Wednesday, November 27, 2013

Royal County Down – Inspiring The Soul (Part 2)

The 3rd hole (from the back tees)
David Owen flew in from the United States, landing in Dublin before sunrise. He drove his hire car ever northwards, heading for the rust-coloured Mourne Mountains that slide into the Irish Sea. Once there and in glorious sunshine he teed it up on the par five 1st hole of one of the world’s greatest courses, and split the fairway with his drive.

It doesn’t get much better than that… but it did. Two shots later, David sank an eight foot putt for an eagle. Royal County Down (RCD) doesn’t give up many eagles, and one on the 1st hole is as good as a trophy on the mantelpiece.  The Head Pro, Kevan Whitson, picked David’s ball out of the hole and expressed his admiration… I was still going from one side of the hole to the other, feeling like a spare wheel. David took three shots to get into the hole; I three-putted and still hadn’t found the cup.

There is something perfect about playing links golf on a raw autumn day. The wind like sandpaper against your cheeks, the sun carving shadows across the dunes, the sea trembling over sand and rock.

This is the time of year that links courses are at their most generous, with softer fairways and more forgiving greens… more forgiving green fees too (£50 from November to February). And unlike some links that insist on you playing off mats, RCD is playable in all its glory every day of the year. It gives the club a magical charm, a superiority richly deserved and the type of aura that rises through the soil and into your very being.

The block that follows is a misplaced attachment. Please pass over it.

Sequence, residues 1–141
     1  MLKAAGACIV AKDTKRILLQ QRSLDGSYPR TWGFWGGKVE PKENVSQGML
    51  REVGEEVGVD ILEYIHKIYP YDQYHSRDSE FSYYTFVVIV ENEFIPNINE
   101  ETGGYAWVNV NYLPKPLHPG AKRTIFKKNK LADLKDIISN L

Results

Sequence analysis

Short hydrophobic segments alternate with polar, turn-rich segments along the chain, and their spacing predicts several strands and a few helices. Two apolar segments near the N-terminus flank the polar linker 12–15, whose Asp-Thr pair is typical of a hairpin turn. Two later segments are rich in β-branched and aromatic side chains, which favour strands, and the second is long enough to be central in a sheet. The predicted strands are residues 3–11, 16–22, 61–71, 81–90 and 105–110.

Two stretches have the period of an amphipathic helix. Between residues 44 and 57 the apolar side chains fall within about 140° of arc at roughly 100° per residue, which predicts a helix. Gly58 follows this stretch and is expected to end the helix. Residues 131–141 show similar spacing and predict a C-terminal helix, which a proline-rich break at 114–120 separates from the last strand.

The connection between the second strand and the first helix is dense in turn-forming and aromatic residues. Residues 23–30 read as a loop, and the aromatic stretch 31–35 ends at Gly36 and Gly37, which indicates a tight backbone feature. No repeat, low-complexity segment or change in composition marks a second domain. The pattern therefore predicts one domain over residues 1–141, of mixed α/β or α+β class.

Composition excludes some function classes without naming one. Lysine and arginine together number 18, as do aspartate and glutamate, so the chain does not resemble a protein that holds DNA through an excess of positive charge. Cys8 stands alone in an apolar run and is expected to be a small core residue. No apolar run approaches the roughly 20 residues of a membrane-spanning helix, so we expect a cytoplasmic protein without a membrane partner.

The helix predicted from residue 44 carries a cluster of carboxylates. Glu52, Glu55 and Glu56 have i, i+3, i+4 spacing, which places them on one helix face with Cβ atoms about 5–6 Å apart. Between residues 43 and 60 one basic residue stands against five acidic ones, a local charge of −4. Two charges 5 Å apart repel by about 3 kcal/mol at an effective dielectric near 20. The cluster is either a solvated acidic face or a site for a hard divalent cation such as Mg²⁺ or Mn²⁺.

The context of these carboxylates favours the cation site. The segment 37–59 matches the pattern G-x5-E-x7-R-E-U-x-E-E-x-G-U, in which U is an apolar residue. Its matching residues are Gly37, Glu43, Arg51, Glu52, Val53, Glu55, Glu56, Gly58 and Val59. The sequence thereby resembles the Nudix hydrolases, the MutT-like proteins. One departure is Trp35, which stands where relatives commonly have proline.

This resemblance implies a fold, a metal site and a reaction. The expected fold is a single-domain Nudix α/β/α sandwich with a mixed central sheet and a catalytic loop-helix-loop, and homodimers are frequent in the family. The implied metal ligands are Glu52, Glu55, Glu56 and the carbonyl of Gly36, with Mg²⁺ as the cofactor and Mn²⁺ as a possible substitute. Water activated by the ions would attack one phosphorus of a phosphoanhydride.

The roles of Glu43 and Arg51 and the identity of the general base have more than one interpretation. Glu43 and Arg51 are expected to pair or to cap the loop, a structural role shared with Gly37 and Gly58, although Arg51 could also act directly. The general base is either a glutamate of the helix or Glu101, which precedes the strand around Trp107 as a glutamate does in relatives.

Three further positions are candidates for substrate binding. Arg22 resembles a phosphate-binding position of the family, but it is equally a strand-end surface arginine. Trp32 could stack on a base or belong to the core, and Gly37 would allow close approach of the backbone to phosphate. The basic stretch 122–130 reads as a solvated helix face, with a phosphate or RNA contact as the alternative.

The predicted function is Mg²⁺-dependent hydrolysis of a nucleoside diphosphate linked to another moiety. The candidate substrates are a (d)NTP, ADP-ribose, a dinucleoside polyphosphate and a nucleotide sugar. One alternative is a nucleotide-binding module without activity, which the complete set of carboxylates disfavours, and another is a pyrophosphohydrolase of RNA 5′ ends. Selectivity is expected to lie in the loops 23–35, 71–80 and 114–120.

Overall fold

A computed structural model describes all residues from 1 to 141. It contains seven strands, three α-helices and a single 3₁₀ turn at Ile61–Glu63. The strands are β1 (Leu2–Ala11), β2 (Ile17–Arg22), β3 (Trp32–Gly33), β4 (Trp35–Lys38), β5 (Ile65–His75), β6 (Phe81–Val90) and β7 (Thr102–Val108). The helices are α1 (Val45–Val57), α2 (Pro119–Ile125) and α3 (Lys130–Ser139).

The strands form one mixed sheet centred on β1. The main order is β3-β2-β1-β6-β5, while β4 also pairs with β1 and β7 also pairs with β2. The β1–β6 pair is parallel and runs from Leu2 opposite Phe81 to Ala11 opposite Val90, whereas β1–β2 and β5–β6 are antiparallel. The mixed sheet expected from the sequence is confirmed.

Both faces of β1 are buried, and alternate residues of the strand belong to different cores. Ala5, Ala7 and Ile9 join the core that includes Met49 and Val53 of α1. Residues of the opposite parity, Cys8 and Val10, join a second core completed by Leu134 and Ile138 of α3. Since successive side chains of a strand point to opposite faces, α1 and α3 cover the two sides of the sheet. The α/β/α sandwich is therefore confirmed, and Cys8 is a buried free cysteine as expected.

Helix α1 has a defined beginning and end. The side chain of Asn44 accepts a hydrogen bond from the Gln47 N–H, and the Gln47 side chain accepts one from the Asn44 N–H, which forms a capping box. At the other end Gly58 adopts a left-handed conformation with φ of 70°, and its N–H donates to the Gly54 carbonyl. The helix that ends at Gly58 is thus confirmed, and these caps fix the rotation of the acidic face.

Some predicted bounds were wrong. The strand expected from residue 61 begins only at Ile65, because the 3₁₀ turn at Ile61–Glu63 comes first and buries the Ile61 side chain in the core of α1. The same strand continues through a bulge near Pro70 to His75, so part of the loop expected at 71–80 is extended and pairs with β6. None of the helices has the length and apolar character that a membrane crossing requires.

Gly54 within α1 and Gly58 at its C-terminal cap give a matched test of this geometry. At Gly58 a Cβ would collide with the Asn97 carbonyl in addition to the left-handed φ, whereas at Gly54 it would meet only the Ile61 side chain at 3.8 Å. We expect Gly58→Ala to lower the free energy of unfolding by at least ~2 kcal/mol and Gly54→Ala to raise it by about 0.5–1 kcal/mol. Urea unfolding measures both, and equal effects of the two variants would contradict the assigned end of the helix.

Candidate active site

Approach to the par four 2nd hole. Right hand side of the fairway please.
The first time I visited RCD, I got a shiver down my spine as I drove through the gates. The sense of wonder and mystique that embraces one of the most famous names in golf gave me goosebumps – it still does.  

It is said that St Andrew’s is the home of golf… if that is so, then Royal County Down is its soul. The names of Old Tom Morris, Braid, Vardon and Sayers, alongside Harry Colt in the 1920s and Donald Steel in the 1990s and 2000s, are ingrained in the club’s history as well as in the turf beneath your feet. When you step through the white gate to reach the 1st tee, you pass between two practice greens: the expansive, rolling Himalayas on your right and a smaller, almost inconsequential green on your left. Kevan, the Head Pro, had agreed to walk the opening holes with us (David is writing an article for Golf Digest. You'll find his blog here) and he pointed to the smaller green. He told us it is one of Old Tom Morris’s original greens, dating back to the 19th century. It will, he said, give you the exact speed of the greens on the course.